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Gwanghwamun to have a new signboard next year

Posted January. 31, 2018 09:30,   

Updated January. 31, 2018 10:07


The Cultural Heritage Administration has announced that it will return the signboard of Gwanghwamun to its original color of “black background and golden letters.” Some point out the need to look back into the cultural agency’s process of ignoring the opinion of numerous cultural heritage researchers and civic groups, stubbornly insisting the wrong decision.

“We have carried out scientific analysis and experiment by producing experi
mental signboards and filming it black and white," the cultural agency stated Tuesday at a meeting held at the Korea House in central Seoul, confirming the original Gwanghwamun signboard had a “black background and golden letters.” The Cultural Heritage Administration has turned out to have virtually ignored suspicions over insufficient historical research raised by the media and civic groups over the past decade.

The issue concerning the color of the signboard first came out in 2005. Back then, Yoo Hong-joon, head of the Cultural Heritage Administration, released a photograph of Gwanghwamun in 1916 that the National Museum of Korea housed, saying that the letters in the signboard made by Lim Tae-yeong, a general of training during the late Joseon Dynasty, were restored. Nevertheless, the cultural agency restored the signboard of Gwanghwamun with “white background and black letters” in August 2010 as it is now without any proper historical research. The Signboard Restoration Subcommittee, which was held in July 2010, did not even identify the grounds for such decision.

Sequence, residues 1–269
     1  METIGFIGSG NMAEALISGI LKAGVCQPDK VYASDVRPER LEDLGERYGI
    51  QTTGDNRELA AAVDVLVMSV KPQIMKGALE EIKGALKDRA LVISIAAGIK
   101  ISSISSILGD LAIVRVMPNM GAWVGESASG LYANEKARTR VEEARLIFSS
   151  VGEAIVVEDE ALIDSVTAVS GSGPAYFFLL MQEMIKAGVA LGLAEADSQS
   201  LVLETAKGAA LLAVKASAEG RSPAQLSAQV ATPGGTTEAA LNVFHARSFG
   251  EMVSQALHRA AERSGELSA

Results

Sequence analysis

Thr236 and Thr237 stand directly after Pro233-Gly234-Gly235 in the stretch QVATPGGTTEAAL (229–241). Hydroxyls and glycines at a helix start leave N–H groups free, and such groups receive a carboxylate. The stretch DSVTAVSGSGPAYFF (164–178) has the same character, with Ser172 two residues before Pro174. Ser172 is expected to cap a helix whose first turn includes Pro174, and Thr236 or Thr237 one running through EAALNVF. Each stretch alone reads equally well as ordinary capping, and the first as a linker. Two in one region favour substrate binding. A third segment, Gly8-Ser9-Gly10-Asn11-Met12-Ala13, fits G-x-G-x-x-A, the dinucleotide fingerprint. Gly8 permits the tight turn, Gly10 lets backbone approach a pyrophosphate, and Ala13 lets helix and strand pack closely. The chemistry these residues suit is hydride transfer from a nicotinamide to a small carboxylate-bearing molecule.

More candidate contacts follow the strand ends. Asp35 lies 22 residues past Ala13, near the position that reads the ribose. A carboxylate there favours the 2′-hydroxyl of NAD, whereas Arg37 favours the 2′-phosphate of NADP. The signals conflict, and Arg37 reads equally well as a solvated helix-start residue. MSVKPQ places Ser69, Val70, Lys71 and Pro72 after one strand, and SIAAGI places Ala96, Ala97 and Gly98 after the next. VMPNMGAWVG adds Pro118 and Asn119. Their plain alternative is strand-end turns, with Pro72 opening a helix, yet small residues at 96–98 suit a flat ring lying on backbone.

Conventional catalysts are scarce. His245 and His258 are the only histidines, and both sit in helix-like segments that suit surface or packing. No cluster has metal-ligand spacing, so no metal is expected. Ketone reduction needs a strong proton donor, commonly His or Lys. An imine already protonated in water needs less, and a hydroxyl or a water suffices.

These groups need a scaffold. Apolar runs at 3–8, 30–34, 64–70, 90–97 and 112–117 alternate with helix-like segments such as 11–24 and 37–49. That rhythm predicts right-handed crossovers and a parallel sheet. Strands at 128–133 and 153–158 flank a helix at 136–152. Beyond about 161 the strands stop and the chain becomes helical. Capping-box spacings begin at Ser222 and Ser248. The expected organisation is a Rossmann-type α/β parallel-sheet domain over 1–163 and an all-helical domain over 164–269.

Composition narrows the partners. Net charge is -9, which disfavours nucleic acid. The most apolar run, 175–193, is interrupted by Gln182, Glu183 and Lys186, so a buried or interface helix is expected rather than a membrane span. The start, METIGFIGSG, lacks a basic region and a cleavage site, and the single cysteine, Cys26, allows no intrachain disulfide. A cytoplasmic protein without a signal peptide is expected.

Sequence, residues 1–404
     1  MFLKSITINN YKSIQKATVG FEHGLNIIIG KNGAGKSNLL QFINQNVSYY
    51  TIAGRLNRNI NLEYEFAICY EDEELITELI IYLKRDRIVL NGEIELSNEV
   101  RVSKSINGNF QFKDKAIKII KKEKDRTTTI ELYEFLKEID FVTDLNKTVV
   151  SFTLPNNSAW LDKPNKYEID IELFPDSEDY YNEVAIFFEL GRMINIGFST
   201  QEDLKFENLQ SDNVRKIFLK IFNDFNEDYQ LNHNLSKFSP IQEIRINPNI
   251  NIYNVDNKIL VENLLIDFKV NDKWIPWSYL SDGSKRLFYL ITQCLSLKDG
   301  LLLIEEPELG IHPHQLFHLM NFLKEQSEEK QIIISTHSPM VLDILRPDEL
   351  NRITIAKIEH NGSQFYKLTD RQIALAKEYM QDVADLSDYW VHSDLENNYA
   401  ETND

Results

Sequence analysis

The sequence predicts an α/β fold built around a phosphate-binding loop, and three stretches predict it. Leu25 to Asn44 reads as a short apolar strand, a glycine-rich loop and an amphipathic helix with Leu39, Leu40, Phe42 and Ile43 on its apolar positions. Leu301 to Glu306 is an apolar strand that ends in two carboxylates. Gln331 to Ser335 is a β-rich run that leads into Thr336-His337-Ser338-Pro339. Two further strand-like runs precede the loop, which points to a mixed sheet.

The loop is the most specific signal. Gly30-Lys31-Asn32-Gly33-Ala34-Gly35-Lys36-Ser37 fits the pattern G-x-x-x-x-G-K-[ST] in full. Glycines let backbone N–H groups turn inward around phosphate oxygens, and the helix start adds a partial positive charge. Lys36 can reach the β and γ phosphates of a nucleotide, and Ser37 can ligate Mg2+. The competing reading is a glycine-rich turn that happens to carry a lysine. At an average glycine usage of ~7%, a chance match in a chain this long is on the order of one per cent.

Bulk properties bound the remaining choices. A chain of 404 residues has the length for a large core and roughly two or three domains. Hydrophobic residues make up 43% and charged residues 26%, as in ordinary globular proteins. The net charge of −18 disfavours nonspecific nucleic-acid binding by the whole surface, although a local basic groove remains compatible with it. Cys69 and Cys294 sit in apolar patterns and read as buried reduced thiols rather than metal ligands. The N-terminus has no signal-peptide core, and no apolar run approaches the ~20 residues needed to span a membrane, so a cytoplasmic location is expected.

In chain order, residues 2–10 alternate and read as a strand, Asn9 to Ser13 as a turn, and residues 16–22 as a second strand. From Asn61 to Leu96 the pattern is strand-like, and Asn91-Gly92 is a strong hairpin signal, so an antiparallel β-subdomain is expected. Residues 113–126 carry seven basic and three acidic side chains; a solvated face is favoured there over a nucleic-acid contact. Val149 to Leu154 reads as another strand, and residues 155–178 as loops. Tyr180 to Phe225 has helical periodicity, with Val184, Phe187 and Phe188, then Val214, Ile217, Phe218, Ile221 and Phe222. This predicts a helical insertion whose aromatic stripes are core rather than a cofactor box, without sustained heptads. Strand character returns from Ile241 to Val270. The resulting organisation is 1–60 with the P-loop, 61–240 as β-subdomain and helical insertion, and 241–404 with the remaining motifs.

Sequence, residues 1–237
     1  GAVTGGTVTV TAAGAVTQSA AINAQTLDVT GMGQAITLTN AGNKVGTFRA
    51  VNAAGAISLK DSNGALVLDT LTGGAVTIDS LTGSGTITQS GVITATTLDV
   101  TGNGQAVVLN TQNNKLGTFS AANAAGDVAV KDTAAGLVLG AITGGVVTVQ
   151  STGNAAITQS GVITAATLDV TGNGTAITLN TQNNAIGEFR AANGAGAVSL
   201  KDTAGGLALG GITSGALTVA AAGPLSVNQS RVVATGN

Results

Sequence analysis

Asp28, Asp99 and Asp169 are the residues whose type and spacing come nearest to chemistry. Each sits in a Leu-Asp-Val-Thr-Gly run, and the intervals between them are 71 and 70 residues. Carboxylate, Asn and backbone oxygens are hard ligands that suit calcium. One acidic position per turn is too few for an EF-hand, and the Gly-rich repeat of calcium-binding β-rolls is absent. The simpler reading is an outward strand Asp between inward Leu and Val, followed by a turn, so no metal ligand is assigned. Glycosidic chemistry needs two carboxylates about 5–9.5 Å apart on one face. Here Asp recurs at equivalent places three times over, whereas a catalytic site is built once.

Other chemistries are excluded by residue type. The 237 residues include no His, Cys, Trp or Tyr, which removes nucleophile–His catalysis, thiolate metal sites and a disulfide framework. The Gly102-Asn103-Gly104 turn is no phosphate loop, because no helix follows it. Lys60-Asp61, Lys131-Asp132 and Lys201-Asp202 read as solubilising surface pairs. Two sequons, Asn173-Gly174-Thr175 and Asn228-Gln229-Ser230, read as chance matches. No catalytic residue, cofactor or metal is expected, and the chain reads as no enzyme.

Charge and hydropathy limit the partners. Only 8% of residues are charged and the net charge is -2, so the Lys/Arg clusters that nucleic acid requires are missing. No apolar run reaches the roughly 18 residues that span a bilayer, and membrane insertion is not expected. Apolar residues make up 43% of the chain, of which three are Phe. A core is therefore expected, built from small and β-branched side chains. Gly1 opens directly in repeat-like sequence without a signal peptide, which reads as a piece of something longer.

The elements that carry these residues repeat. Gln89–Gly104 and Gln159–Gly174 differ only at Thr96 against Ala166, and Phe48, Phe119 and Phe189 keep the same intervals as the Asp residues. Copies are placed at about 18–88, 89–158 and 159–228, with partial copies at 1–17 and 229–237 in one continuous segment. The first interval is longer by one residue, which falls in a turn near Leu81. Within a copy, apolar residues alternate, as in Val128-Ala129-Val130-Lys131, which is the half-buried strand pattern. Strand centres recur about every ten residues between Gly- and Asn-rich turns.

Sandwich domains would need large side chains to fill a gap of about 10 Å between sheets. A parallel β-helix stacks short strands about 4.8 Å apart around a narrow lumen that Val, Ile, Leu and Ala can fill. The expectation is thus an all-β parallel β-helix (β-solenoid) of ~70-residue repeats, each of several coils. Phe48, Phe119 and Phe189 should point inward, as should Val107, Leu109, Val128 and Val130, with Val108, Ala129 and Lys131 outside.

The Cultural Heritage Administration started to review the color of the signboard from scratch when Kim Yeong-joon, head of Finding where Cultural Heritages Belong, discovered and released a photograph of Gwanghwamun, which was taken around 1893 and stored at the Smithsonian Institution's National Anthropological Archives in the United States. The signboard in the photograph clearly revealed bright colored letters in dark background. When questioned about the rather late verification experiment, the Cultural Heritage Administration said, “There were no historical research materials before the photo from Smithsonian Institution.” However, there had been ample materials that implied the dark background and bright colored letters of the signboard.

The agency has said that it will compare the pros and cons of the experimental signboards after coloring it with modern pigment and traditional pigment, and install the actual signboard with a black background and golden letters in the first quarter of next year.

Jong-Yeob JO jjj@donga.com